With it He grows for you crops, olives, date-palms, grapes, and every kind of fruit: surely there is a great sign in this for those who think.
Since taking on the Azahara estate in 2018, our priority has been to refurbish existing structures to create study and prayer spaces and install a solar electricity system. This has included: transforming a ruined barn into a beautiful open-air mosque; opening out a large room in the main building to use as a Zawiya (space for dhikr, or remembrance of God), which can comfortably seat 40 people or more; refurbishing a large shared kitchen, which has provided food for over 80 people at a time; and building a classroom with a maximum capacity of 20 and views to the Mediterranean Sea through a large double-glazed window. All of the buildings now have electricity from a large solar system and back-up generator.
After more than a decade of neglect, there were dozens of olive trees – some centuries old, and some we never knew existed – as well as many more fruiting trees, such as oranges, lemons, figs and quinces, that had been overrun with blackberry brambles. We have uncovered and pruned all of these trees, and fertilised them with green manures and our home-made biodynamic compost.
Rather than using a mechanical plough, whose weight can compact the soil beneath it, we have adopted a donkey, called Zamzam, who instantly became the Azahara mascot! Using a traditional wooden and iron plough, Zamzam tills the soil in preparation for sowing and fertilising, carries harvests from one part of the land to another, and of course gives rides!
In medieval times, an ‘Arab Green Revolution’ brought about a new agricultural model fusing Roman, Greek, Persian and other elements, which became prevalent in much of the Middle East and the Mediterranean Basin. Al-Andalus played a pivotal role in this process, producing texts by trailblazers like the agronomist Ibn Baṣṣāl of Toledo, and Ibn al-Bayṭār of Malaga, a pharmacist and botanist who developed an empirical system of describing plants. These texts would become canons of agriculture in the Arab world for hundreds of years, and profoundly influence Western sciences.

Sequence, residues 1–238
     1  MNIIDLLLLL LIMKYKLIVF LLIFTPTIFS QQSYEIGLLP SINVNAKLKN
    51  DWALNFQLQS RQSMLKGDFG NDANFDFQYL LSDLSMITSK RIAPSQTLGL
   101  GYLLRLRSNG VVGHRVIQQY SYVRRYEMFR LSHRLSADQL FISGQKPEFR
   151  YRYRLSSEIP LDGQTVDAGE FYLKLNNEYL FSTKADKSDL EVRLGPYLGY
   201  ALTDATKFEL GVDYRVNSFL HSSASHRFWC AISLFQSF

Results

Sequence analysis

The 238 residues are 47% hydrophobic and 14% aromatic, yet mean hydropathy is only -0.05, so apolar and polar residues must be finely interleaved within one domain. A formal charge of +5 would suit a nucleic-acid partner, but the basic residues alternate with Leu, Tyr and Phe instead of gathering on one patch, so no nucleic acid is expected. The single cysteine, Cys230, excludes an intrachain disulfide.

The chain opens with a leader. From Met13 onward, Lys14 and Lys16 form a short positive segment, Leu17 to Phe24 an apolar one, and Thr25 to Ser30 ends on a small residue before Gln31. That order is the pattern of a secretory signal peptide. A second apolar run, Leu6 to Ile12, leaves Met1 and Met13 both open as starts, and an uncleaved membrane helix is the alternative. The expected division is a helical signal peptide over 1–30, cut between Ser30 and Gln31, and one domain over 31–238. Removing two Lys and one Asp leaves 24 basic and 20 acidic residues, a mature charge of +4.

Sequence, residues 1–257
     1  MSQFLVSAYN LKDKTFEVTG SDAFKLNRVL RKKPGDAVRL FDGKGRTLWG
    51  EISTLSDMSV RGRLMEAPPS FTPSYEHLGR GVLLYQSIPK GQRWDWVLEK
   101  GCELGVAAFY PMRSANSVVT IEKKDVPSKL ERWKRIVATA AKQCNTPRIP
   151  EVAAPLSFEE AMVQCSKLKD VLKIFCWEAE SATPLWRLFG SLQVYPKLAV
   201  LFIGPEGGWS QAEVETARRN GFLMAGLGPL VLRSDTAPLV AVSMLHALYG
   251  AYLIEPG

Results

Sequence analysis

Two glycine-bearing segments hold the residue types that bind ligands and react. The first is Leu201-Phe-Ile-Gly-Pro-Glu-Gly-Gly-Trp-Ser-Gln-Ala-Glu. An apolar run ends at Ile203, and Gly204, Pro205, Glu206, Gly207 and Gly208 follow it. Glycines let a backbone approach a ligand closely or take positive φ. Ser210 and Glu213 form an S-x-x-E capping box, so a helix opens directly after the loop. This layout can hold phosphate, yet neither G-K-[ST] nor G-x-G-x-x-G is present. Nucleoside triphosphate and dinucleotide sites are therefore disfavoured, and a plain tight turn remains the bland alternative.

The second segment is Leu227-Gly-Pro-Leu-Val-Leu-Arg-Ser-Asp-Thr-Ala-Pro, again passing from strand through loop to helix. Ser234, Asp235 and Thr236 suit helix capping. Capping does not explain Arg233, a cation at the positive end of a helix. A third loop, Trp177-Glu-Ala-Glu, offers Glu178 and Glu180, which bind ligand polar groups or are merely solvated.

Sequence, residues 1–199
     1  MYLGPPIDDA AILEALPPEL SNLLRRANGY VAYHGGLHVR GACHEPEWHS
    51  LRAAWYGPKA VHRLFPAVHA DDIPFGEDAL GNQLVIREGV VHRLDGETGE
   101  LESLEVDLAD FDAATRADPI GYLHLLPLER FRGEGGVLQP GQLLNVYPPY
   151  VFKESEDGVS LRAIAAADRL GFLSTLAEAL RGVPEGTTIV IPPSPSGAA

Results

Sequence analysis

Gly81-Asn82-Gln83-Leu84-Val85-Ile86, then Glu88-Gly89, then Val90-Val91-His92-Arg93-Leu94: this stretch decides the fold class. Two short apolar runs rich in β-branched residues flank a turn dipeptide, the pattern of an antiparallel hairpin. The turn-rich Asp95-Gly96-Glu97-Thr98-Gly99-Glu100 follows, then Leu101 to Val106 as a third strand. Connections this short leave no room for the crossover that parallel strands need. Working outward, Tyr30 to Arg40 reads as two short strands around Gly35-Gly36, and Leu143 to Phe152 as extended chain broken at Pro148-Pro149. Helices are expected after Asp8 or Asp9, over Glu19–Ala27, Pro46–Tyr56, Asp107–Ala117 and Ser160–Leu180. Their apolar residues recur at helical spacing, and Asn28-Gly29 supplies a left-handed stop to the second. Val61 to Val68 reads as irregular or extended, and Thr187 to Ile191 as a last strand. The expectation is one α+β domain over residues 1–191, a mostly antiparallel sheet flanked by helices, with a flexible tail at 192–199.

As essential pollinators for a huge number of plant species, one of the linchpins of sustainable agriculture is beekeeping. Our resident beekeeper Abdul-Haqq keeps 30 beehives at Azahara over the winter and has conducted practical beekeeping workshops here to over 50 people since 2019.
While the hives are currently taken further up the mountains in the summer to provide them with wild flowers in cooler climes, we plan to develop this apiary project during the winter, with further workshops that include arts like geometry, crafts using beeswax such as candle-making, and studying the verses that mention bees in the Qur’an.
Planting trees is a highly commendable Islamic virtue; the Prophet Muhammad is narrated as saying that “Whenever Muslims plant a tree, they will earn the reward of charity because of the food that comes from it; and likewise what is stolen from it, what the wild beasts eat out of it, what the birds eat out of it, and what people take from it is charity for them” (Muslim). In order to combat climate change, erosion and desertification, we need to plant a trillion trees worldwide!
Our vision at Azahara has always been to incorporate art, poetry and creativity into our holistic approach to land husbandry. Growing food is of course creative, but to really appreciate the landscape, we’ve been clearing pathways through the olive grove where we plan to create beautiful, restful places to sit and admire the sights, sounds, smells and sensations, to read and write poems, or just to ponder.
Along the way, we envision verses of Andalusi poetry and hadiths relating to nature, hand-carved in wood and painted onto decorative ceramic plaques, leading us forward and deeper into our awareness. These will be available to sponsor as sadaqa for Azahara, and will also provide an income for local artisans.
Halal Animal Products
There is a growing demand for halal, organic meat among Muslims our area, as people become more and more aware of the unethical treatment of animals in industrial farms, and the need for Muslims to eat not only food that is technically halal, but also ‘tayyib’ (good). We have 30 chickens at the moment that supply free-range, organic eggs to the local community, and are about to buy an incubator to start producing our own chickens for meat.